With the blustery weather, cold winds and relentless rain we’re having, you might be looking for something heart-warming to get you feeling all toasty.
Toast is a glimpse into the life of well-known best-selling author and TV chef Nigel Slater.
Based on Slater’s autobiography, which was later turned into a 90-minute film for the BBC, this theatre production written by Henry Filloux-Bennett is nostalgic, inventively staged and well performed by a cast who have some marvellous moments when they move around the stage which will leave you smiling.
Director Jonnie Riordan has a real sense of taste and smell and this is where the production excels, as we follow a 9-year-old boy and see how his love of cooking and food developed.
He has a loving relationship with his mother. The two of them enjoy breaking bread and working together to create something. The comforting smell of toast is all around as you watch with rose tinted spectacles, escaping from the rain outside.
His mother is not the best cook in the world and ignores recipes apart from her annual Christmas cake. But what the young Slater learns here is the value of togetherness and a sense of achievement when you see the finished product.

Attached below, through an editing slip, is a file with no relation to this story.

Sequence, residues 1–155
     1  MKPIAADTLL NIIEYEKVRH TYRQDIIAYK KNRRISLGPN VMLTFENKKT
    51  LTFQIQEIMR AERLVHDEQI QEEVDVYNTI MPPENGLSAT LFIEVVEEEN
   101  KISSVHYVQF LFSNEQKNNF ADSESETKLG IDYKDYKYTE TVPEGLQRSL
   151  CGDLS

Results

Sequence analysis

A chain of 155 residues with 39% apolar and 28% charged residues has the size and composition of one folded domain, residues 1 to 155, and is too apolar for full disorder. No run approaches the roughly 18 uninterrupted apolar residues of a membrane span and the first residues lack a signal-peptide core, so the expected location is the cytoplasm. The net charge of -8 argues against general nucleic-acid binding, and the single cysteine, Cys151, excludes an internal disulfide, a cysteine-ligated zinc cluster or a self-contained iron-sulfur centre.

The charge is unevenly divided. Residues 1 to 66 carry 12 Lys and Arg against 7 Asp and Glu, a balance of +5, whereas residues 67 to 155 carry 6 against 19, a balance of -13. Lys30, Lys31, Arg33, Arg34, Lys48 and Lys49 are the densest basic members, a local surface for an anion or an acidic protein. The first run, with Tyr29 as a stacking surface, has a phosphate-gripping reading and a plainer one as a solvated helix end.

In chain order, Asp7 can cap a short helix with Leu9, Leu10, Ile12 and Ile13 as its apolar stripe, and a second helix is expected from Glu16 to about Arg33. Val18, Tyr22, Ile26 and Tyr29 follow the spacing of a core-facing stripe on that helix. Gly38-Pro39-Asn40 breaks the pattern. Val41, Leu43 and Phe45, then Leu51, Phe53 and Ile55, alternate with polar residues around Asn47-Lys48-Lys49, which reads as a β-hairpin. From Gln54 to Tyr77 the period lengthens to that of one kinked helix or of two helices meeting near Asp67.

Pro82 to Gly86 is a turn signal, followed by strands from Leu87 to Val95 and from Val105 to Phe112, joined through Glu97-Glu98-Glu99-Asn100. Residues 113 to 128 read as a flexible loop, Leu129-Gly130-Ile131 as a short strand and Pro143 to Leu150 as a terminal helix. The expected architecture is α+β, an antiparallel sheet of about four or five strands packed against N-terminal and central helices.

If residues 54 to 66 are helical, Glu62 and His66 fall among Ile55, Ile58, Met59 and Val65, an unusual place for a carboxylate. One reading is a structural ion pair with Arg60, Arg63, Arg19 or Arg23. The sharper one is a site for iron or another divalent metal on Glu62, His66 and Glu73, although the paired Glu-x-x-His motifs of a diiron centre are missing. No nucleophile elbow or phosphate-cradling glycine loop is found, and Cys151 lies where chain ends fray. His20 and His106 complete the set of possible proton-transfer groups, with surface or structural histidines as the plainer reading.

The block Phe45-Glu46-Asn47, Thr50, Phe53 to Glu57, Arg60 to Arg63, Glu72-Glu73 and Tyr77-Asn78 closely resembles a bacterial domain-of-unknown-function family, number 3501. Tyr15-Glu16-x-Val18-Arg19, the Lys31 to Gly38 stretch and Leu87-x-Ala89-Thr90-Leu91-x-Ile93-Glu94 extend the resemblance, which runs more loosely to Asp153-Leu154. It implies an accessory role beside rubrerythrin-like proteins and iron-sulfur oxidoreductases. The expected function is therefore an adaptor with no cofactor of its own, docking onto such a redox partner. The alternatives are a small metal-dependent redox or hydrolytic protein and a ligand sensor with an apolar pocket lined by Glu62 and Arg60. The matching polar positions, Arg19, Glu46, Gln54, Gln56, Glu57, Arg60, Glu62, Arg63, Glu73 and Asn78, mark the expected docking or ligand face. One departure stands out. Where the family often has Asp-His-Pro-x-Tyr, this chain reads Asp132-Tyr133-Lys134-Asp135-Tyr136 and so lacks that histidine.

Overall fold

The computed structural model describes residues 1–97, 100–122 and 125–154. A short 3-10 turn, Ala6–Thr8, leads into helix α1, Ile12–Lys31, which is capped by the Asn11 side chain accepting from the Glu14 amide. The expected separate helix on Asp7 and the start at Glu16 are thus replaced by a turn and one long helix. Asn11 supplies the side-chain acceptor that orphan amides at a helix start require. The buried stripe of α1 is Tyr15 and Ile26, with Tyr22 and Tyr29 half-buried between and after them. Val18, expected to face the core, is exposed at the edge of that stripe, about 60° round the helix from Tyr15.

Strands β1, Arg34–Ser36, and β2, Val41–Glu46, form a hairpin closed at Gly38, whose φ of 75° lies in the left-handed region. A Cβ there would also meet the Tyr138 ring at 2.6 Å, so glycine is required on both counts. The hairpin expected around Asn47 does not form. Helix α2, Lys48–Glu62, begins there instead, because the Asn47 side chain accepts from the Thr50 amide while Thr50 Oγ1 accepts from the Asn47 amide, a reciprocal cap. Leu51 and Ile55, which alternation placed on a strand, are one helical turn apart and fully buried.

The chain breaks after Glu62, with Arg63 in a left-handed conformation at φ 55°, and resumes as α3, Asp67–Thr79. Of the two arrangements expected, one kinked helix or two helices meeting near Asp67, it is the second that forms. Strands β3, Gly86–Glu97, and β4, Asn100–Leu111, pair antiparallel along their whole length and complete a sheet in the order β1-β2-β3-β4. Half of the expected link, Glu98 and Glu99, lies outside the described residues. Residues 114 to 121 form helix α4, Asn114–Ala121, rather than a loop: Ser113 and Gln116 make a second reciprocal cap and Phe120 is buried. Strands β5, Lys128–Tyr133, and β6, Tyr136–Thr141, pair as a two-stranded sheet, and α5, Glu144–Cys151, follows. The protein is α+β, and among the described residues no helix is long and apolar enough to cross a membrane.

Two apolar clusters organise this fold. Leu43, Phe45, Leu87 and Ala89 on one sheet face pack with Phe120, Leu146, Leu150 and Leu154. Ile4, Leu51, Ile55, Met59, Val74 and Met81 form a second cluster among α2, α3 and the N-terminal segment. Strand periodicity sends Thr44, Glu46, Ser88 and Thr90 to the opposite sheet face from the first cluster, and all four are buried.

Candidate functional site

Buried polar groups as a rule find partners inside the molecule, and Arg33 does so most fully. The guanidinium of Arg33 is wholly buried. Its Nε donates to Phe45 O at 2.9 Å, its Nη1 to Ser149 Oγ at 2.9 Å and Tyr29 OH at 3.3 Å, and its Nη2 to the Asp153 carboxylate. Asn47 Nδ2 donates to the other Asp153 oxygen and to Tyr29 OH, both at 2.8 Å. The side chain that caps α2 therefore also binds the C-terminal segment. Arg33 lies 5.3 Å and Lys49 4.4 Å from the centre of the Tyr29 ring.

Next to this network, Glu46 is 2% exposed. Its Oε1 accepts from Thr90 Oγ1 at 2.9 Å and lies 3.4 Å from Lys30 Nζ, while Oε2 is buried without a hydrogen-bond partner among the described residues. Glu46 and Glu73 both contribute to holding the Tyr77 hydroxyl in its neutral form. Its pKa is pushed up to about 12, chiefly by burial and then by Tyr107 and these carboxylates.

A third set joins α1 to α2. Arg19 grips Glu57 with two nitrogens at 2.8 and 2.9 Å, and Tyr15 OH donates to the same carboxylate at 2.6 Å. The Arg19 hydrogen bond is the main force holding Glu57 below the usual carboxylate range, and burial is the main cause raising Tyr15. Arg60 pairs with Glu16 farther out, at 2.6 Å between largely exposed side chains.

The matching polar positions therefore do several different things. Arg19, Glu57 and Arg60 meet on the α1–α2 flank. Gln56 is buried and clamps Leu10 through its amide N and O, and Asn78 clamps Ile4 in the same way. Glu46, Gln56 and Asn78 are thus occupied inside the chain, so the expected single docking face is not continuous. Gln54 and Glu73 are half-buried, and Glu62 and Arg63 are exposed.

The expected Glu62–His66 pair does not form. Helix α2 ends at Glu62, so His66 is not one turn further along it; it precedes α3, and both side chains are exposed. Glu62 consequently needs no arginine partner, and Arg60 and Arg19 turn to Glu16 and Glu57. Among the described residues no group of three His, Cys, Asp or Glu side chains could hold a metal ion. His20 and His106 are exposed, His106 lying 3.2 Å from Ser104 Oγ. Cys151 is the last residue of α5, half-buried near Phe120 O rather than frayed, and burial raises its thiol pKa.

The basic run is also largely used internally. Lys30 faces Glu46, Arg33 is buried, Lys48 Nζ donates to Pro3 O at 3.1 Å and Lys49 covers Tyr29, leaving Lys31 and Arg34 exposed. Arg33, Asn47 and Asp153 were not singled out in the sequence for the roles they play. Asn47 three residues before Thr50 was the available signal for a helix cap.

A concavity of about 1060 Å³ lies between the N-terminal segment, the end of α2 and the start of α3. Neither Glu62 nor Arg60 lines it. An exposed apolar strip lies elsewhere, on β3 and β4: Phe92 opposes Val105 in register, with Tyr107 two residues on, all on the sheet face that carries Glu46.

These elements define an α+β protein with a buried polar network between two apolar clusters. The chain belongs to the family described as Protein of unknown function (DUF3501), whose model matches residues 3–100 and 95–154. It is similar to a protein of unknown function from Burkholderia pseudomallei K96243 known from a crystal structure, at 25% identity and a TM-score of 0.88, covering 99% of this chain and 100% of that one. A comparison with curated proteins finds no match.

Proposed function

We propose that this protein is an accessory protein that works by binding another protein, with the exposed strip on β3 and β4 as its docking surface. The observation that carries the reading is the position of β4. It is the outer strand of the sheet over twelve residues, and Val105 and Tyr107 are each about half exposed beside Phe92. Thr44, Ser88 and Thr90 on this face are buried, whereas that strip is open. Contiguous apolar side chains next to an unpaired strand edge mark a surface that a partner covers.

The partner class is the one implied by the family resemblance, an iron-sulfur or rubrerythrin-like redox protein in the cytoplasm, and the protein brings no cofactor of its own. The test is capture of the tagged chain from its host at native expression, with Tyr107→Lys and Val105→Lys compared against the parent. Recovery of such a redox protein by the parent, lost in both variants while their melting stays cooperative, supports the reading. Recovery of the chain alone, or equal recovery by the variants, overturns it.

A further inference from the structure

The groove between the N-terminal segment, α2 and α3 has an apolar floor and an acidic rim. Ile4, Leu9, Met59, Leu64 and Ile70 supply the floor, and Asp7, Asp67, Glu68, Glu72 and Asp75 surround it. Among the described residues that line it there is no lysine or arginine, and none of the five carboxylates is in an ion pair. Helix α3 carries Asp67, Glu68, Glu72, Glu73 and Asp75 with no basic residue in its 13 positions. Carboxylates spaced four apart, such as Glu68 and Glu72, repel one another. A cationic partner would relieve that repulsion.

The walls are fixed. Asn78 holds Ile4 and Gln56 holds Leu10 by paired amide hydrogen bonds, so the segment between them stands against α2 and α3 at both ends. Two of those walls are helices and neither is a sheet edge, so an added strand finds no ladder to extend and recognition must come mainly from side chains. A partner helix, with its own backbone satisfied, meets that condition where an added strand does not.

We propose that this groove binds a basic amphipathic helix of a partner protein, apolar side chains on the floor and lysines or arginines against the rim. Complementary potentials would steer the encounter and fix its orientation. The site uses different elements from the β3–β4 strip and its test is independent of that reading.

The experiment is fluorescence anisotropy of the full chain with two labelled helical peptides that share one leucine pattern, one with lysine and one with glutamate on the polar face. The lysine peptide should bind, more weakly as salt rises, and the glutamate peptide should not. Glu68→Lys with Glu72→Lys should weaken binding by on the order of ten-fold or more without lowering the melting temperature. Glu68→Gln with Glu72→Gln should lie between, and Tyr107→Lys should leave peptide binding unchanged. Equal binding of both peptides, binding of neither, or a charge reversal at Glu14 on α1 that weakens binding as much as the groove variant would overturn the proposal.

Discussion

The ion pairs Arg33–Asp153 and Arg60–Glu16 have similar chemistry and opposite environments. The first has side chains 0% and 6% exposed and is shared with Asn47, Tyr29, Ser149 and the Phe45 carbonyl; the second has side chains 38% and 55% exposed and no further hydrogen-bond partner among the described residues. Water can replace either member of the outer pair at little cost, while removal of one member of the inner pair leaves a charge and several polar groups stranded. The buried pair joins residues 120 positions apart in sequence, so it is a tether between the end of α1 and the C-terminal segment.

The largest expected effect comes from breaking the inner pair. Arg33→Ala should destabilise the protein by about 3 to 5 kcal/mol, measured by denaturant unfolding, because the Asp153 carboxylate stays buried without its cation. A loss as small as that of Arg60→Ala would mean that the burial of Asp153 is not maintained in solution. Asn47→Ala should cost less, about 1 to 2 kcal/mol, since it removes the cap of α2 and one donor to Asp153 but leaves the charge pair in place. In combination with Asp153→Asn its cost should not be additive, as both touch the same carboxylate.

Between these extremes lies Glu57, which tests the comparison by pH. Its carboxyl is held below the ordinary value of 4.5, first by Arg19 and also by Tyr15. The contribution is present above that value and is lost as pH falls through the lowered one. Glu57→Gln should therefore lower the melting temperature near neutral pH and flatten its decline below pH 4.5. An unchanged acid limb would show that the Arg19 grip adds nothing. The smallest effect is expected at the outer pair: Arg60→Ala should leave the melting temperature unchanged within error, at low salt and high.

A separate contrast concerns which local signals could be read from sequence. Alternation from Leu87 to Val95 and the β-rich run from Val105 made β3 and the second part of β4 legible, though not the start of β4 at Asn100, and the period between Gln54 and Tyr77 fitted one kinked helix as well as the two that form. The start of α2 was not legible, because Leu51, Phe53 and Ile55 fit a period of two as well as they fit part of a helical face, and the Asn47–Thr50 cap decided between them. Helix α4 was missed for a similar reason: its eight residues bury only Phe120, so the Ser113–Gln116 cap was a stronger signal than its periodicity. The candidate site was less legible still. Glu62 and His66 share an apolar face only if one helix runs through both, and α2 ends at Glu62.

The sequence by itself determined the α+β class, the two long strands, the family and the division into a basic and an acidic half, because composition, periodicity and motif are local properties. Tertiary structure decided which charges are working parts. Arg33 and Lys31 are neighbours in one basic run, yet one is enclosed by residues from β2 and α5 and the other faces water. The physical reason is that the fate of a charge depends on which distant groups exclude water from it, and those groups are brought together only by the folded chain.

Added to this is conflict between this young boy and his father who is a real man’s man.
When he loses his mother, he is forced to accept his dad’s new girlfriend. This is where the play should excel but the drama is reduced to a cook-off and a few barbed comments.
Handing out food to the audience is an excellent idea, as the air is filled with the smell of sweets and chocolate. The only problem is the timing, as this is done just before a particularly poignant scene involving Nigel and his mother. So instead of stifling tears, all you can hear is the rustling of sweet wrappers.
The performances are very good, with Giles Cooper holding your attention throughout as Nigel. He manages to convey the impression of a very knowing child who lacks the emotional intelligence of an adult.
Katy Federman is excellent as mum and many other roles, running a gamut of emotions and holding the audience’s attention.
Blair Plant is quietly convincing as dad but the part is underwritten so you never really know what makes him tick. Samantha Hopkins as Joan, dad’s new girlfriend, is great at slapstick, but again her character is barely on the page, reduced to a woman who is muscling in on a family, so even when she delivers some heartbreaking news, we cut to Nigel again.
Stefan Edwards excels as a gardener who woos both Nigel and his mum, but again he disappears all too quickly.
Toast has all the ingredients to offer you a filling and warm night out. Some parts rise like a soufflé and others feel a bit over- or underdone. Everything is presented as very nice and middle class, so with that comes plenty of stiff upper lips.
That said, if you love Nigel Slater and share his love of food, you will enjoy this sugary trip down memory lane.
Nigel Slater’s Toast is at The Lowry until 16th November.